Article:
Organic Consumers Association

Tell Your State Legislators: Don’t Let Big Food Scare You. GMO Labeling Laws Are Constitutional!

If your state has introduced a GMO labeling bill, or is even thinking about it, you can bet that food industry lobbyists are out in full force, bending your lawmakers’ ears.

Among the many lies lobbyists are spreading, is the one that state GMO labeling laws are unconstitutional. And any state that passes one will be sued.

Tell Your State Legislators: Don’t Let Big Food Scare You. GMO Labeling Laws Are Constitutional.

The Organic Consumers Association has obtained the Grocery Manufacturers Association’s (GMA) “One-Pager” of talking points about GMOs and labeling laws. The document is intended for use by food industry lobbyists whose job it is to convince state lawmakers to reject GMO labeling bills in their states.

The talking points include the usual misinformation about GMO safety testing and the so-called benefits of GMOs. But they also include claims that GMO labeling laws are unconstitutional—claims that legal experts say are baseless.

The GMA may not have a legal leg to stand on. Still, the threats to sue states are clearly intended to strike fear in the hearts of those lawmakers genuinely concerned about spending tax dollars on costly court battles.

But GMO labeling activists are also concerned that some lawmakers will use the GMA’s threats as a convenient excuse to reject the majority opinion of their voters, in favor of siding with industry instead. Or as a means to convince their colleagues to add trigger clauses, similar to those in the Maine and Connecticut bills, in an attempt to stall or permanently sabotage GMO laws.

According to GMA propaganda, state GMO labeling laws violate the First Amendment, which protects commercial speech by prohibiting the government from compelling “certain statements.” 

But after extensive research and analysis, both a Washington D.C.-based law firm, Emord & Associates, and the Vermont Law School independently concluded that H.112, Vermont’s GMO labeling bill, would withstand a legal challenge from industry. (The same arguments about the constitutionality of Vermont’s GMO labeling law could be applied to other state GMO labeling laws accused of violating the First Amendment).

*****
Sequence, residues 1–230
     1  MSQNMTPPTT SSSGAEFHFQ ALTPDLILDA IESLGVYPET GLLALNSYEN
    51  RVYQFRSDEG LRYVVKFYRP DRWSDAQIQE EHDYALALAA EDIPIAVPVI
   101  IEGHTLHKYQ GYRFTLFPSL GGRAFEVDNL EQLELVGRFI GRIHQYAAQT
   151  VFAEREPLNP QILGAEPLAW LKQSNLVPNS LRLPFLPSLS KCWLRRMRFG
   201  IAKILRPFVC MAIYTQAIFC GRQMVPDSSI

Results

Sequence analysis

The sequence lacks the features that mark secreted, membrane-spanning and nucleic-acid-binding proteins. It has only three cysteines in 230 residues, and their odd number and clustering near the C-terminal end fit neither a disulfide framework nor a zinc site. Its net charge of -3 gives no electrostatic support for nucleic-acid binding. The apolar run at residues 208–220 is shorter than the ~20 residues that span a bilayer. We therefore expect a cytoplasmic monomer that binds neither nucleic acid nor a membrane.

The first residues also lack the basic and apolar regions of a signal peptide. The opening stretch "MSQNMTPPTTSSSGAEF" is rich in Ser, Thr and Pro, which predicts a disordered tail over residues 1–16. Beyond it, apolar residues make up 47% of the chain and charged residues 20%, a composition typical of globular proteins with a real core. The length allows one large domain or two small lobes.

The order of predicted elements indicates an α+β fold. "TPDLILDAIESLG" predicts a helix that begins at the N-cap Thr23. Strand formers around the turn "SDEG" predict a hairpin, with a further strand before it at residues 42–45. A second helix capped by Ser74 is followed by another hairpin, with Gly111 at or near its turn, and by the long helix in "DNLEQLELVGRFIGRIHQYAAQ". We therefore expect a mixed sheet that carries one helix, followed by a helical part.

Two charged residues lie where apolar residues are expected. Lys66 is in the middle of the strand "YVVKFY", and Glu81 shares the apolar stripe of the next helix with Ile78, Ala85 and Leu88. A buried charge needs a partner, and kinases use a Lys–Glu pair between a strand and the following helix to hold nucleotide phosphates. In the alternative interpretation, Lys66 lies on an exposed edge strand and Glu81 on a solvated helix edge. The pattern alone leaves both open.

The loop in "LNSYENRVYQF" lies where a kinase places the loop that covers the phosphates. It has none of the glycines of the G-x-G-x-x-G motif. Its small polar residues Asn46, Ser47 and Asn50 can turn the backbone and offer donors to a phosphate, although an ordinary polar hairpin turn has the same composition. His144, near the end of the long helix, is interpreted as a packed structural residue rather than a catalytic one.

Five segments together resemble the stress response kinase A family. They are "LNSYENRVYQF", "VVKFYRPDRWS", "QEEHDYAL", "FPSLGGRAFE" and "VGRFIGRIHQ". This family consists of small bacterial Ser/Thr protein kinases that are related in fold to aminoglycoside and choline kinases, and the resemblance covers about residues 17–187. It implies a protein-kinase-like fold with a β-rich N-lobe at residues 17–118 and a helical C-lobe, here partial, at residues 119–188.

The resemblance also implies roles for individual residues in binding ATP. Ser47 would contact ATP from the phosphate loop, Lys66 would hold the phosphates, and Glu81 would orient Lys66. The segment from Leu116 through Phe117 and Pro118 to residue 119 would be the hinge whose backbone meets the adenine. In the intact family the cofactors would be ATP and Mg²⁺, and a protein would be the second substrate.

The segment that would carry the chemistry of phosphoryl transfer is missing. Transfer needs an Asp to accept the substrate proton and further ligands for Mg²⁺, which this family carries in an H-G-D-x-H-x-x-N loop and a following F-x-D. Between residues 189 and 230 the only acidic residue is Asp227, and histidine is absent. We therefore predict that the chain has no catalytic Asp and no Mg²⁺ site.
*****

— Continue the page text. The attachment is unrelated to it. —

According to the Vermont Law School’s Environmental and Natural Resources Law Clinic, “We have researched and analyzed challenges that may be made in opposition to such legislation and have concluded that Vermont can pass GE labeling legislation that will meet all constitutional requirements.”

Attorneys at Emord & Associates drew the same conclusion

Because the Second Circuit applies the Zauderer exemption for compelled speech broadly, and the Bill protects consumer health and safety, the law is likely constitutional under the First Amendment to the United States Constitution. Furthermore, H.112 does not impede or conflict with the federal Food and Drug Administration’s labeling regime for foods and dietary supplements. The federal system does not preempt H.112, which was enacted constitutionally under the State’s general powers. Finally, H.112 does not discriminate against interstate commerce, or impose a burden that outweighs Vermont’s legitimate interest in protecting the consuming public. Thus, H.112 does not violate the Dormant Commerce Clause.

Threatening to sue states that pass GMO labeling laws is just a scare tactic intended to thwart state GMO labeling laws. Tell your state legislators to stand up to industry, and do what’s right for the people they were elected to represent.